I'm not one to complain, but I'm facing a new and separate anguish. Tomorrow will be two weeks since the 5:45AM phone call from Mom, the one I thought meant Grandma, and found myself repeating, "Dad? Dad? Are you sure? Dad?" I was crumpled on the cold kitchen linoleum, wanting to wake up from a bad, bad dream. And now I'm having to sit and wait for the right call, the one that should have come, because she isn't eating and keeps asking to go back to bed so she can die. At 94 she has the right to do so, but what in the world are we going to do? I think I'm drowning in grief. It seems like everyone in the whole world is dying. That morning the leather and metal of the Pontiac seemed like the blackest thing I'd ever been surrounded by, watching the first sunrise without Dad dawn on the emptiness of the world, the rolling miles of sagebrush and dirt. Kelly got picked up going 86mph by a Lincoln County Sheriff, the coroner who had just left Mom's. He just wanted to get us there, Morgan and I, stock still and silent and stunned, one beside and one behind him. Jerry let us go right away, saying, "slow down. We don't want another tragedy."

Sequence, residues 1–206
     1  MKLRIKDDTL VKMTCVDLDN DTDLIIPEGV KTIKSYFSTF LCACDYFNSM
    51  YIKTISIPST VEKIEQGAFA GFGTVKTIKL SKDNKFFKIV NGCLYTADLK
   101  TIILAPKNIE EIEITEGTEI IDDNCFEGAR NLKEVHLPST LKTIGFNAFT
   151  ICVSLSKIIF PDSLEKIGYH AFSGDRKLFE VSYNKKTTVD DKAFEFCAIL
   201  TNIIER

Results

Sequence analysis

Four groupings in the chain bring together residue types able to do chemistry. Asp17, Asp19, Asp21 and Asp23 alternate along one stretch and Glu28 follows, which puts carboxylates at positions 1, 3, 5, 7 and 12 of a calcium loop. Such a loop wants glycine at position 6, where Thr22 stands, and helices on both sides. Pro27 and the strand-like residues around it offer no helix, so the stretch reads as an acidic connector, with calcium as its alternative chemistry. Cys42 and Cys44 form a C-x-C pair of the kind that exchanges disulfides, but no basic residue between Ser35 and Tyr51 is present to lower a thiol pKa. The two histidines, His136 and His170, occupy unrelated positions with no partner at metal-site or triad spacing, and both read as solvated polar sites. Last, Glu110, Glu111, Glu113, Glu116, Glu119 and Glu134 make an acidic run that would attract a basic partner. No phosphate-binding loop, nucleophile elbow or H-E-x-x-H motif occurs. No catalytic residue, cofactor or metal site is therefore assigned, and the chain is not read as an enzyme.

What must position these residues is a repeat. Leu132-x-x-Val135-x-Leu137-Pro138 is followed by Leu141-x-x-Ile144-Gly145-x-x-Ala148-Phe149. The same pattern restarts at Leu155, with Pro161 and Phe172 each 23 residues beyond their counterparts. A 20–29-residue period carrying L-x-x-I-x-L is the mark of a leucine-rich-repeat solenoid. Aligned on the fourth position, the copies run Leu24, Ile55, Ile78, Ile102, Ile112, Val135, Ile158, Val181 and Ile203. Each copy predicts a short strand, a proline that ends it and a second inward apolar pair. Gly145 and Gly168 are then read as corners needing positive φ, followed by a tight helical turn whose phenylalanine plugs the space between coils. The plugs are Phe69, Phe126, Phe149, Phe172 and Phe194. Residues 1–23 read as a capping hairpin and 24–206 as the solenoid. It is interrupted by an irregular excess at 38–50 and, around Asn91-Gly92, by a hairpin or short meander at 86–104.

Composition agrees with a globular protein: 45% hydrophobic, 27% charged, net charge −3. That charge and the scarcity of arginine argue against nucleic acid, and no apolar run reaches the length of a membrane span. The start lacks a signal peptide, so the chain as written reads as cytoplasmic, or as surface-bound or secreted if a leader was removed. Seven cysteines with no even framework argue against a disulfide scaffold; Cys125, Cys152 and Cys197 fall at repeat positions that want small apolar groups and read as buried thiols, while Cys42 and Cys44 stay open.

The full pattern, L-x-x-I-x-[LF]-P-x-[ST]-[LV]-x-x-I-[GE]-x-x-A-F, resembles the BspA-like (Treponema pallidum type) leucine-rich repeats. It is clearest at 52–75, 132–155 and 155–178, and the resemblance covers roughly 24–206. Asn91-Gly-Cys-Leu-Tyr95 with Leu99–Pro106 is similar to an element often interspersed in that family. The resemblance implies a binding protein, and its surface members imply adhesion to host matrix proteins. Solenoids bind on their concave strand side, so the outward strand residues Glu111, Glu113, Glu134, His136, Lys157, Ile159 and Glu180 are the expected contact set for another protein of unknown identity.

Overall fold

Saturday the 23rd was gorgeous, flashbulb-bright and warm. Guy drove us to the memorial service in the ’64 Impala he bought on one of many adventures with Dad. Dad was particularly pleased with that long straight car, glossy black like oil, with a creamy white top and silver upholstery, a smooth rumbling engine, perfect chrome, whitewall tires with rear skirts and two diagonal antennae gracefully flanking the flawless trunk. Bob brought his Thunderbird, lacquered lipstick red, continental kit, and the sparkling new hubcaps Dad never got to see. He parked it in front of the Eagle bar after the ceremony. Eighty people there and more had called to say they wished they could be, Casper and Armand and Luigi, Cotton, Brent and Mike in Sunday best, from Arizona Dad's brother Jay with the same blue eyes and his sister Marlina with her beautiful children; Sue sang My Way with only a little waver when she glanced at Mom, and it couldn’t have been more right. We had two foam-core poster boards covered with chronological photographs of Dad's life, in which he was almost always obviously happy. (I have his strange smile-inflated cheeks. So does Morgan.) Dad at a slot machine, Dad with his blue Kenworth, Dad on the deck of Lil's boat in Santa Monica, Dad on an overburdened mule in Mexico, Dad rolling in grass. Forever after Ken called him Bear. It fit.

I sobbed through the eulogy I wrote and read, echoes of which you might recognize from recent blog posts, before I knew they were going to come in handy:

My dad was never without four things: wheels, friends, a story to tell, and advice to give.